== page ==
At Ingram Street he designed his first complete room, where from 1900, he remodelled interiors over 12 years.

Finally, in 1903-4 at Sauchiehall Street, he did the complete interiors and front facade of the building Miss Cranston bought in 1901.

At the McLellan Galleries www.glasgowmuseums.com can be found the Mackintosh Room.

At the Glasgow School of Art, 167 Renfrew Street www.gsa.ac.uk Mackintosh completely revised a new western end which was finished in 1909 when he was 41. This is his masterpiece; it has been hailed as the most important building worldwide in that decade. the north facade exactly reflects the internal plan of the building, resulting in a masterpiece of balanced asymmetry. The entrance is at the centre of the bulding.

3. SOUTH SIDE OF GLASGOW

Scotland Street School Museum www.glasgowmusuems.com. This is viewed from the exterior. This was Mackintosh's last public commission in Glasgow. Mackintosh reversed tradition and gave the towers with conical roofs walls of glass with narrow stone mullions. Instead of spiral stairs he used straight flights which benefited from the light which streams into them. Mackintosh played off the verticality of the towers against the horizontal nature of the rest of the building.

At Bellahouston Park is found the House for an Art Lover www.houseforanartlover.co.uk

For 90 years the plans for this building were unrealised. but in 1989 Graham Roxburgh,an engineer had the idea to build it. Rooms include thye Main Room, Dining Room, Oval Room, Music Room, and the Margaret Macdonald Room.

For a tour of the work of Charles Rennie Mackintosh contact catswhiskerstours

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Ossian's Hall (The Hermitage )

This was built in 1775 near Dunkeld, Perthshire and features regularly in tours provided by catswhiskerstours

It is a charming garden folly that was created to enhance the human experience of the power of nature. A circular building with an opening out onto a balcony, it sits atop a rocky outcrop overlooking the Black Linn Falls on the River Braan.The Hall is surrounded by spectacularly tall Douglas firs making the location one of the most visually stunning in Perthshire.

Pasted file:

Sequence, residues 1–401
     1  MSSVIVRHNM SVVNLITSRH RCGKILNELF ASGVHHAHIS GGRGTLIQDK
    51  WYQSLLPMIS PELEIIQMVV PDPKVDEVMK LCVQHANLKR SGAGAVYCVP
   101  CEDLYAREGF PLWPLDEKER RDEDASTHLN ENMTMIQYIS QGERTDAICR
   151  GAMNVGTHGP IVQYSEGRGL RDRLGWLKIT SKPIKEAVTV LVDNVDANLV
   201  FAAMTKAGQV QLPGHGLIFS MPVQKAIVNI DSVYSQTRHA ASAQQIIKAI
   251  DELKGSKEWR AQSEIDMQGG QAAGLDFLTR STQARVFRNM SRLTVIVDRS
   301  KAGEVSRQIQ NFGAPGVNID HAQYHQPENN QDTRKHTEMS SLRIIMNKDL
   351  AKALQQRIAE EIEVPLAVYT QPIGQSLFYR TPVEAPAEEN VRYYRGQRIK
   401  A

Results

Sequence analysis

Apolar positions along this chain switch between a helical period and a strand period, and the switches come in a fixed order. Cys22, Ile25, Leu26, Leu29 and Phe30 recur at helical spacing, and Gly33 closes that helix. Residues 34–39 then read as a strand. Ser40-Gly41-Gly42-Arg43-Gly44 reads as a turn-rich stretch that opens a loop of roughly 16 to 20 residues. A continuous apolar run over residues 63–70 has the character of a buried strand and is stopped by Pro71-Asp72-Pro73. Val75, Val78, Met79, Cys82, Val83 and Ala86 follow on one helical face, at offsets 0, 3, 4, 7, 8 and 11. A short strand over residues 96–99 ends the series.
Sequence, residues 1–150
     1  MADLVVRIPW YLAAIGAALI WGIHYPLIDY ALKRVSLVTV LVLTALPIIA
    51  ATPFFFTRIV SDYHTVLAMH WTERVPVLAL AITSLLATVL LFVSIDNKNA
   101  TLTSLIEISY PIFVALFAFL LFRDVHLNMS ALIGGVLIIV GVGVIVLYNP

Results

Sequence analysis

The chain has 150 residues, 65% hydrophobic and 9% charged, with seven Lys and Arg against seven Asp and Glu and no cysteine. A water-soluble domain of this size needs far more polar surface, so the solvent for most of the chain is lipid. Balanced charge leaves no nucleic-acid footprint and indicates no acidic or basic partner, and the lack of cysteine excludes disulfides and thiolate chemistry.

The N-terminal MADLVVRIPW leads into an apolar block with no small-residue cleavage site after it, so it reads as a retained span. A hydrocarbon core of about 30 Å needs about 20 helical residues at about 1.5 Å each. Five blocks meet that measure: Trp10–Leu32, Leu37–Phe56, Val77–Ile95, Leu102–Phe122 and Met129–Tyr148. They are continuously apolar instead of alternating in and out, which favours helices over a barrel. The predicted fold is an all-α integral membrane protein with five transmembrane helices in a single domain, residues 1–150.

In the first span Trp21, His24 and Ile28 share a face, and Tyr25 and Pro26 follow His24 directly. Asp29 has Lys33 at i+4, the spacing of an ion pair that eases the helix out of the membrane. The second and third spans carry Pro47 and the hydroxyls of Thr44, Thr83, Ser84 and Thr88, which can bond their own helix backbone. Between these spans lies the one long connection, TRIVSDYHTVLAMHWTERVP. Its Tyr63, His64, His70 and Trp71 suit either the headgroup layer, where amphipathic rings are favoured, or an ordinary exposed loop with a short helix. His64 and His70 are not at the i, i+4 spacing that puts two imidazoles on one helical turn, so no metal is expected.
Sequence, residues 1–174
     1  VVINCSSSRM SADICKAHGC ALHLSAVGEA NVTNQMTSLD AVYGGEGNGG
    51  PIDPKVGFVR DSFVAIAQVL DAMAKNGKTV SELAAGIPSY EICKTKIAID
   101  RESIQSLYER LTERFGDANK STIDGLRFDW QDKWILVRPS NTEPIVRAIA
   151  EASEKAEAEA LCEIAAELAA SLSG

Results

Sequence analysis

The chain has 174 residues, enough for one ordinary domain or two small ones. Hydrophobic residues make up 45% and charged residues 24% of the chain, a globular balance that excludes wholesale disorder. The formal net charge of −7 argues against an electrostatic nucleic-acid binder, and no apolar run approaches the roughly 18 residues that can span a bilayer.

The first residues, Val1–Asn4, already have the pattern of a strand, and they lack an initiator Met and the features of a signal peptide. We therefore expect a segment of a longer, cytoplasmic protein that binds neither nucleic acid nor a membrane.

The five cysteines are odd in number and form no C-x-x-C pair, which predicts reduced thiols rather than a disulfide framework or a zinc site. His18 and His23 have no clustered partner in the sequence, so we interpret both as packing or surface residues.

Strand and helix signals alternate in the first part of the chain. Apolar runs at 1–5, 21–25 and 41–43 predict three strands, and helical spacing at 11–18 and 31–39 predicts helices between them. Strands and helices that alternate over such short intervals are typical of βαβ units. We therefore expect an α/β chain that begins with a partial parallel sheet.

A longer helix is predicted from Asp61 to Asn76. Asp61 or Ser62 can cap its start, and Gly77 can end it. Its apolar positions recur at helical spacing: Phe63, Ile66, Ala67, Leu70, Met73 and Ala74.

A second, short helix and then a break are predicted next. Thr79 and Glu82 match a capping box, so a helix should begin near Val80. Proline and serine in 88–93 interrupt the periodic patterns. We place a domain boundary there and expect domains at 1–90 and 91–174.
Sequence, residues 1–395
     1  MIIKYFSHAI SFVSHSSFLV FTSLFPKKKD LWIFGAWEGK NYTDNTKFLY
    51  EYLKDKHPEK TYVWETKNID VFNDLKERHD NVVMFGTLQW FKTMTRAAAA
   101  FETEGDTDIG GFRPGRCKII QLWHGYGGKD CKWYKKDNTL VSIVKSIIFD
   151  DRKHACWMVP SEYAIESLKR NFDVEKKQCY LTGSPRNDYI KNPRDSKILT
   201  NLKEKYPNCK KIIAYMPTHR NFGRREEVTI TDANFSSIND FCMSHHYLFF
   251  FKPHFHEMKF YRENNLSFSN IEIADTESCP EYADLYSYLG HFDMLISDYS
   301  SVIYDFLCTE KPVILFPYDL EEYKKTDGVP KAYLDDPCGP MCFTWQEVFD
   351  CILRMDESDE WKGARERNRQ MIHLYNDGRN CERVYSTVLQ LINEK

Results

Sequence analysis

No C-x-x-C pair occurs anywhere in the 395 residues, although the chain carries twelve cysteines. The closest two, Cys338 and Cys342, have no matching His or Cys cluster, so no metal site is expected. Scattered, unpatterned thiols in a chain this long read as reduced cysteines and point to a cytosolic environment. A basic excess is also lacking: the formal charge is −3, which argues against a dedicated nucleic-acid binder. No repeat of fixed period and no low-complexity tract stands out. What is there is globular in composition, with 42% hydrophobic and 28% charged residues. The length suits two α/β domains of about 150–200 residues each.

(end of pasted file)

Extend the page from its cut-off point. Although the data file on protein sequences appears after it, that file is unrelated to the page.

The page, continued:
The Hall is subject of a conservation project which aims to restore this popular building which atrracts 250,000 visitors each year and provides excellent photo opportunities.

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Domesday Book

The famous Domesday Book, which provides a snapshot of 11th. century England, went on-line Aug 4th 2006. This was an inventory commissioned by William the Conqueror in 1085 following his 1066 invasion of England. Curiously, the whole of London and Winchester were omitted; some speculate that the statisticians of the day could not cope with the sheer volume of data. Research capabilty is currently restricted to a place name or person. Website is www.nationalarchives.gov.uk/domesday
For historical themed tours contact catswhiskerstours

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Edinburgh Fringe

Official 2006 opening August 6th. For the ensuing three weeks, Edinburgh will host 1,800 shows and 16,000 artists.This is the world's largest arts festival entailing a record-breaking line-up of 1867 shows spread across 261 venues in the City. All of this activity places extreme pressure on existing facilities; the 16,990 performers have been forced into all sorts of contortions resulting in a number of improvised venues,viz:
- A show named Metamorphoses will take place in a hotel swimming pool.

-Some productions have found space in a rented bus.

- A Midsummernights Tree will present acrobatics and a caberet in a tree in Belgrave Crescent Gardens.

More facts:

-Theatre comprises approximately one third of the programme, just ahead of comedy.

-It would take 5 years, 11 months and 16 days to see each performance back-to-back at a cost of about GBP14,000 ($26,000).

-There will be 28,014 performances, 94 pct more than 10 years ago.

Edinburgh and environs regularly features in bespoke tours provided by catswhiskerstours

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Cat's Whiskers Restaurant

Friday, August 04, 2006

Received the following "blurb" via e-mail. This restaurant is at opposite end of the country to catswhiskerstours I always associate Torquay with Basil Fawlty but I am sure the waiters at the restaurant don't come from Barcelona!

THE CAT'S WHISKERS RESTAURANT
Upton Road
Brunswick Square
Torquay
Devon
TQ1 4AB
01803 389532
claireclarkekitty@yahoo.co.uk

We are a Modern Restaurant with Traditional Values, Traditional Home Baked Produce and ALWAYS a Traditional Welcome.

Our premises is a Traditional Georgian House, circa 1853, with a modern, light and spacious interior.

We make everything ourselves, on the premises, and keep a real emphasis on quality and value for money.

We can offer, for groups of up to 40, Cream Teas, Light Lunches, Evening Meals, Afternoon 'High Tea' and Sunday Lunches.

CREAM TEA
Two Scones, Clotted Cream, Jam and Tea or Coffee
£3.00 per person

LIGHT LUNCHES
Sandwiches served with salad
£2.25 per person
Pasties, Jacket Potatoes, French Bread Pizza, Savoury Croissants, Omelettes
All served with salad
£2.95 per person
Plated Salads
£3.95 per person
Ploughmans Platter
£4.95 per person

AFTERNOON 'HIGH TEA'
A selection of Sandwiches and a selection of Cakes served with Tea or Coffee
£5.00 per person

EVENING MEALS